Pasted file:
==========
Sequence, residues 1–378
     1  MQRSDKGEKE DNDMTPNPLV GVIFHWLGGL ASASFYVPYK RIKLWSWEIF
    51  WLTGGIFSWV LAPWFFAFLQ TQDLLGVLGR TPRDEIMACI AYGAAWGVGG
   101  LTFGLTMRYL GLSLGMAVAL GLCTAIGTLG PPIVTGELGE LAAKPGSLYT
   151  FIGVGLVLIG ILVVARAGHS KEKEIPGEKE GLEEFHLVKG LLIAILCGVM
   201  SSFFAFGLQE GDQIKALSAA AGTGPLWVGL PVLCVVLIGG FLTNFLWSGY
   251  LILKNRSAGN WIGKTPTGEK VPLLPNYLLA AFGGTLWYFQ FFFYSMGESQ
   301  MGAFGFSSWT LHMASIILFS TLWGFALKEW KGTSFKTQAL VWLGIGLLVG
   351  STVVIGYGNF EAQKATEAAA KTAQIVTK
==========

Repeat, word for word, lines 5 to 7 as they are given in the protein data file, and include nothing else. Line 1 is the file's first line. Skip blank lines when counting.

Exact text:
   151  FIGVGLVLIG ILVVARAGHS KEKEIPGEKE GLEEFHLVKG LLIAILCGVM
   201  SSFFAFGLQE GDQIKALSAA AGTGPLWVGL PVLCVVLIGG FLTNFLWSGY
   251  LILKNRSAGN WIGKTPTGEK VPLLPNYLLA AFGGTLWYFQ FFFYSMGESQ